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POLICY

by Sally Yan

Keywords: social determinants, social model of health policy, health inequities, health disparities, global health, ideology, neo-liberalism

ABSTRACT

Policy attention to social determinants of health (SDoH) has been delayed, periodic, politically- contingent, and superficial. The influence of poverty--a key social determinant of health--has been noted since the nineteenth century by scholars as varied as Virchow and Engels (Kunitz 2007). However, the incorporation of a social model of health into global policy did not come to fruition until the establishment of complex bureaucracies such as the World Health Organization in the 1950s, and the term “social determinants of health” did not exist until the 1970s (Irwin and Scali 2007). 

Despite the centrality of a social model of health, which seeks to address non-medical factors to improve health, in the WHO’s founding vision, the influence of social determinants of health on global policy wavered in importance in the subsequent decades. Attention peaked during the Health for All campaign espoused by the 1978 Alma-Ata then fading through decades of international policies driven by neoliberalism (Irwin and Scali 2007). In the interim, although initially driven by an impetus for global equity, the concept of social determinants of health began to primarily persist mostly in the policies of the wealthy industrialized countries (Irwin and Scali 2007). Graham (2002) and other scholars argue that even in wealthy countries, policies futilely attempt to address singular social and behavioral factors rather than the systemic causes of social inequities. Although the WHO Commission on the Social Determinants of Health, operating from 2005-2008, aimed to mitigate some of these gaps and amplified scholarship on SDoH, its impact was ultimately limited (Irwin and Scali 2007; Kunitz 2007).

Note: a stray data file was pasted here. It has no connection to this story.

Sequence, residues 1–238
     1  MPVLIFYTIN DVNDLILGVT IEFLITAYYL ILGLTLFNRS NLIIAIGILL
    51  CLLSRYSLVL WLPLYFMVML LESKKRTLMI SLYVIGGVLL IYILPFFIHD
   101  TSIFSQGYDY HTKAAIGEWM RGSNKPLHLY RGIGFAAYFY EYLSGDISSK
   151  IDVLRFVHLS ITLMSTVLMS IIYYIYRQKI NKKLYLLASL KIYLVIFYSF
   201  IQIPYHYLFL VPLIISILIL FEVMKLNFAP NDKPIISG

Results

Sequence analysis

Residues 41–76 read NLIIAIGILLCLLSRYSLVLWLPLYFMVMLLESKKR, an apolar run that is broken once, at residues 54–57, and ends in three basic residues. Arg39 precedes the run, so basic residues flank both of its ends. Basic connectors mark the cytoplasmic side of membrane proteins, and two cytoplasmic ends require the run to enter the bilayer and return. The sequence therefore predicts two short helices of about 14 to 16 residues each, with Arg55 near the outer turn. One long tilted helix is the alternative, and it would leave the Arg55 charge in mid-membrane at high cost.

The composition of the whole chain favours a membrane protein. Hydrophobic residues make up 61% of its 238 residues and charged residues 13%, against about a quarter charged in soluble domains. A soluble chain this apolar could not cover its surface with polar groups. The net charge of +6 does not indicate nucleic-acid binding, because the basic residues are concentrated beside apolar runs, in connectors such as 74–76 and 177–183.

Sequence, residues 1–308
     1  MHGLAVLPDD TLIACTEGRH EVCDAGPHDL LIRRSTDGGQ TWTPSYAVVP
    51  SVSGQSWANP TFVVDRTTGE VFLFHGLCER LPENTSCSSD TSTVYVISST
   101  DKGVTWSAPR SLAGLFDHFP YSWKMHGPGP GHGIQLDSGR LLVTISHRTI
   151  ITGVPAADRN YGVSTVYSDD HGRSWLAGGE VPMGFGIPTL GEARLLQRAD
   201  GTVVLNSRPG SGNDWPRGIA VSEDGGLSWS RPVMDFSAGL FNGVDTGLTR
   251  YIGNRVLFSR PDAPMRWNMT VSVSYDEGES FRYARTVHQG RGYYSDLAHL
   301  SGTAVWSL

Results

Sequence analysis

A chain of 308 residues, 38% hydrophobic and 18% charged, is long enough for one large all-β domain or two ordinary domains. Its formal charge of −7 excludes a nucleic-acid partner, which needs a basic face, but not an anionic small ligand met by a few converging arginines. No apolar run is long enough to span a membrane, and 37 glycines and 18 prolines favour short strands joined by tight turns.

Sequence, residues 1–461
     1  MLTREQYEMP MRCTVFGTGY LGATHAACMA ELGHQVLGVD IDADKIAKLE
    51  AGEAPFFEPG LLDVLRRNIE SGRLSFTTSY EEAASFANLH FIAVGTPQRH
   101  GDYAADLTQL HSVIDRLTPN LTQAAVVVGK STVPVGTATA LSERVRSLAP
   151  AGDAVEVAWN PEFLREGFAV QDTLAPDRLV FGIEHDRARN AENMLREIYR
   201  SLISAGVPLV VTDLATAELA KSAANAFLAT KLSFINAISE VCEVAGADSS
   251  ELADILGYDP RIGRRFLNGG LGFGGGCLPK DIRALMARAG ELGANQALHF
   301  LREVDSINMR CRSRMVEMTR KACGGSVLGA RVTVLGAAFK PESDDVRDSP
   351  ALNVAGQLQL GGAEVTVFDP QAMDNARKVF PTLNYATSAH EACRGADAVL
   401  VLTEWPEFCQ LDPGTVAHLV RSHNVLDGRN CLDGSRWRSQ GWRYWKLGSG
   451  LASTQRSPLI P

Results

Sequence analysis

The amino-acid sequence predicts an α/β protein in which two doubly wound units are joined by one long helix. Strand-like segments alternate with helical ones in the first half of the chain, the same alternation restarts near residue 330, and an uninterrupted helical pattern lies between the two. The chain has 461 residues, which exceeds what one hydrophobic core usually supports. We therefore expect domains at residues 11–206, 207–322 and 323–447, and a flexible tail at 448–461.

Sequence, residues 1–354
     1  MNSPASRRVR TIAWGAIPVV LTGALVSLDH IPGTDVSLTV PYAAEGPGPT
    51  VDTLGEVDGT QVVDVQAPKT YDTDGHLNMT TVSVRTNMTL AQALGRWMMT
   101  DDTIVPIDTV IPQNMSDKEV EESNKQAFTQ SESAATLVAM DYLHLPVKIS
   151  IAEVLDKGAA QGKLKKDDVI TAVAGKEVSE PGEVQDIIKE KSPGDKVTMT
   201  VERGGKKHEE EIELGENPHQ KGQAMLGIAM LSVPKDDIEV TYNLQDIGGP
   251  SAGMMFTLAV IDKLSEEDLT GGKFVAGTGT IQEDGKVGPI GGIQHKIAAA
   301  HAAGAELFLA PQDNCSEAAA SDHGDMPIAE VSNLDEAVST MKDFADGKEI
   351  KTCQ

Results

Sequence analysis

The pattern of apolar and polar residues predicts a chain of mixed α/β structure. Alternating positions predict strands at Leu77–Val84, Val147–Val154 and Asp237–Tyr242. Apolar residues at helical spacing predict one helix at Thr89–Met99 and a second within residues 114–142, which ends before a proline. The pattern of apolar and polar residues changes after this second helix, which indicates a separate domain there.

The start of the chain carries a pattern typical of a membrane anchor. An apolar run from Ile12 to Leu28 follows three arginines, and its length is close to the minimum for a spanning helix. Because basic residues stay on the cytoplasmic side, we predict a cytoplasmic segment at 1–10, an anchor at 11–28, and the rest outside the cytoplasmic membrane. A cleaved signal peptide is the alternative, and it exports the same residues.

Since the last significant critical scholarship, the COVID-19 pandemic, arguably a syndemic whose impact is profoundly influenced by social determinants, has renewed policy attention to SDoH (Horton 2020). In the wake of the pandemic, this literature review aims to critically examine the history of social determinants of health and evaluate recent policies in the context of this history. 

References

Graham, Hilary. 2004. “Social Determinants and Their Unequal Distribution: Clarifying Policy Understandings.” The Milbank Quarterly 82 (1): 101–24.

Horton, Richard. 2020. “Offline: COVID-19 Is Not a Pandemic.” The Lancet 396 (10255): 874. 

Irwin, A., and E. Scali. 2007. “Action on the Social Determinants of Health: A Historical Perspective.” Global Public Health 2 (3): 235–56. 

Kunitz, Stephen J. 2007. “Sex, Race and Social Role—History and the Social Determinants of Health.” International Journal of Epidemiology 36 (1): 3–10. 

Sally Yan

Rice University '22

Research Contributor